Pulling 80a from VESC 4.12?

I have an electric bike and am using a VESC 4.12 to control it. I’m wanting to see how much power I can squeeze out of it but am aware of the ‘50A continuous’ and ‘240A Max’ ratings of the VESC. At the moment, I run my motor at 65A and the VESC only starts to heat up if I’m going up a steep hill - I’m working on some basic heatsinks. With enough cooling, is there any reason why the VESC couldn’t handle 80A? Of course that would only be whilst accelerating so only for a few seconds. Any thoughts?

As long as you can hold the vesc running cool all should be fine. What’s your batt max settings at the moment? Most people get overheating issues from 40A. This on a hw4.12 based vesc without heatsink.

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Sounds good! Haven’t had any overheating issues and batteries have plenty of ventilation. I’ll push it and see what happens.

Is there a chance the wheel will lock up if the vesc blows?

If that happens… O.o

Doubt it would totally lock up. I’ve tried shorting all the motor wires together and it’s like a strong brak being applied. As it’s on the back wheel it should be an abrupt stop. Fingers crossed it doesn’t go the other way and accelerate like mad :slight_smile:

The max amount of current depends heavily on whether you are running BLDC or FOC, there is basically twice as much heat generated in FOC than in BLDC. 80A on BLDC is like 16W of power, and close to 28W on FOC. Because of the 4.12’s odd shape, I would say even with a heatsink, 20W would cause it to start overheating.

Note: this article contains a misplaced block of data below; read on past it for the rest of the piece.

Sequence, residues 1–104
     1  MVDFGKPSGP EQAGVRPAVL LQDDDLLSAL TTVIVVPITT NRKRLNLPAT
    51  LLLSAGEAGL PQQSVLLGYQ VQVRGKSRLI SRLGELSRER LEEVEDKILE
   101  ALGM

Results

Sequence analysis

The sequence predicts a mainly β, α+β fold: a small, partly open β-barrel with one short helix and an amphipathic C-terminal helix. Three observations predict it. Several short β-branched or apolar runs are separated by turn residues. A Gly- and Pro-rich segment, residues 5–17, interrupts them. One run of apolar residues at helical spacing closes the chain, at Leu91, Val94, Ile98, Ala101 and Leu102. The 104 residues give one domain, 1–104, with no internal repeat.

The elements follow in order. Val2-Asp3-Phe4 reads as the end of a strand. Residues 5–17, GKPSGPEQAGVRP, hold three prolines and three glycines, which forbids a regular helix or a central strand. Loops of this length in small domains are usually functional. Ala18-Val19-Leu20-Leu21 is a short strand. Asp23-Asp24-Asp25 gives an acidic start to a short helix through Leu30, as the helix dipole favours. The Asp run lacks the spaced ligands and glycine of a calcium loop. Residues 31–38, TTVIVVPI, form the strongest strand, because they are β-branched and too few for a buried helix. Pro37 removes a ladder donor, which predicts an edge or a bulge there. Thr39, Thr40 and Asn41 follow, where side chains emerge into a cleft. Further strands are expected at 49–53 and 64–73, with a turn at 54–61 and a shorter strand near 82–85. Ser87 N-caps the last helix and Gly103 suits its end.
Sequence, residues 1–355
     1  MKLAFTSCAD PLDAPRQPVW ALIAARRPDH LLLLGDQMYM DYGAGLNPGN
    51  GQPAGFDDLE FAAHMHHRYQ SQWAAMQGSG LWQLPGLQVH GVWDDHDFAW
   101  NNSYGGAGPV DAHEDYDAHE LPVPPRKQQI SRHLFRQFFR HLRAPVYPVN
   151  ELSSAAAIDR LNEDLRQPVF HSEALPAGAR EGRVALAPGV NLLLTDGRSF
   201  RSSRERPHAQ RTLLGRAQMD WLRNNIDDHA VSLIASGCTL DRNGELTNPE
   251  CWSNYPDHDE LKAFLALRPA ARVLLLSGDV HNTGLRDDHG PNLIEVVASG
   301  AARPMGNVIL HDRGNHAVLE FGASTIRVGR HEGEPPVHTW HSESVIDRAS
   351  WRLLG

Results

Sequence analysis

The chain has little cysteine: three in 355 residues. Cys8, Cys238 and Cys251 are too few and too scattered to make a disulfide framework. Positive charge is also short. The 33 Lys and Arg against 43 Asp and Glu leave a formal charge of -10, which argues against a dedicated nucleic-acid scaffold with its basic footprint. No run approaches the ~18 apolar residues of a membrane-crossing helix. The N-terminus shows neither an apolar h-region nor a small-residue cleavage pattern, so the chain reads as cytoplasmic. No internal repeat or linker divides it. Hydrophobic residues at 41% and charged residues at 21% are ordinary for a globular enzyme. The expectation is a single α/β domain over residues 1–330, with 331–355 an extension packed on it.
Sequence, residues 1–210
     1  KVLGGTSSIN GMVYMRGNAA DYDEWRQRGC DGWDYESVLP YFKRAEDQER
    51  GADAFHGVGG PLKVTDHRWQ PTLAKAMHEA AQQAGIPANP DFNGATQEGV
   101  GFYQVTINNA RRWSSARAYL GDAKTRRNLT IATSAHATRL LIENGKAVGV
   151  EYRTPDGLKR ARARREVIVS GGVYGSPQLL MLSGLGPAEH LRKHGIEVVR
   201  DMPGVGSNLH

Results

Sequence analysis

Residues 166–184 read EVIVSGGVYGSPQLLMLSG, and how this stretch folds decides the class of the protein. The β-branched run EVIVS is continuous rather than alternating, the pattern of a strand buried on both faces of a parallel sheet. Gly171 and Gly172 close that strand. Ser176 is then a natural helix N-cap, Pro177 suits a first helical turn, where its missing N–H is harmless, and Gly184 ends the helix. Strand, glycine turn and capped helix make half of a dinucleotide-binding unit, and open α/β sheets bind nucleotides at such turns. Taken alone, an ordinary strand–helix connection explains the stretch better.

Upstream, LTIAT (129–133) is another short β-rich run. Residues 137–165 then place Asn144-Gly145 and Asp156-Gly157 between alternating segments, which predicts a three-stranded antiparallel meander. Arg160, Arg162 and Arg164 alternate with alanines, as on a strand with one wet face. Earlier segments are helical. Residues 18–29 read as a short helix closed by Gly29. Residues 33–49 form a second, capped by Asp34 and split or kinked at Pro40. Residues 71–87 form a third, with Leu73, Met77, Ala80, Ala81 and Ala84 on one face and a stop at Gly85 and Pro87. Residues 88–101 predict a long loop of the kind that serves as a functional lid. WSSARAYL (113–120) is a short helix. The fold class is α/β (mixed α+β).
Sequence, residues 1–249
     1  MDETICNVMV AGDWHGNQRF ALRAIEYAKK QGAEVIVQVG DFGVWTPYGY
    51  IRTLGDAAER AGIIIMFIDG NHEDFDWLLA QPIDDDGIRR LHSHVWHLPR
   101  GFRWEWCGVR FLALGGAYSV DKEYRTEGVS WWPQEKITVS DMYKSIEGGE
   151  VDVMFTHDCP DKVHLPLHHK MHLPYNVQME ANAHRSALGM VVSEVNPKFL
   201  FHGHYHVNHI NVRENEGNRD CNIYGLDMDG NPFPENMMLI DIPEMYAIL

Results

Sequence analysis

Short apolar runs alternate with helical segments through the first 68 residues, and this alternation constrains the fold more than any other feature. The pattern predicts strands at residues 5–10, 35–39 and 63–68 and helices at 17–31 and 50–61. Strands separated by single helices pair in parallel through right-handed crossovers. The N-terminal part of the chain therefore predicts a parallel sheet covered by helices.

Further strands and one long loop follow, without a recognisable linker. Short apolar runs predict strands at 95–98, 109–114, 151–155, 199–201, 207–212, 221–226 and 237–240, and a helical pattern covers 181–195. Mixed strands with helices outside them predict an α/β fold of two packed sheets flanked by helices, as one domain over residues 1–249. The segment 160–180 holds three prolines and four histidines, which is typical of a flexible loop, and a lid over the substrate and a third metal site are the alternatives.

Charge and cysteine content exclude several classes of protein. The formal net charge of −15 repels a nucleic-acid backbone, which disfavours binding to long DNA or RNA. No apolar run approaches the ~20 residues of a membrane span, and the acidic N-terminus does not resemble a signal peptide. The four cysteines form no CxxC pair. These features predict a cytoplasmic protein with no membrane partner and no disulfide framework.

The abrupt braking force is still enough to throw a rider off the board, but it requires multiple MOSFETs to fail short, which is extremely unlikely.

Since brushless motors don’t suck total and complete garbage like brushed motors do, any failure in the ESC will result in the motor coasting to a stop.

??? This is the first Ive heard about this…

I always thought

The motor runs cooler, but the ESC runs hotter. I should have specified that the additional heat generated is in the ESC, my bad. FOC also has higher conduction losses at the same RMS current. (all three phases are actively conducting while in BLDC only two phases are conducting, however, to achieve the same RMS current on FOC as BLDC, peak currents are higher).


Ah :man_facepalming:

I should have understood :stuck_out_tongue: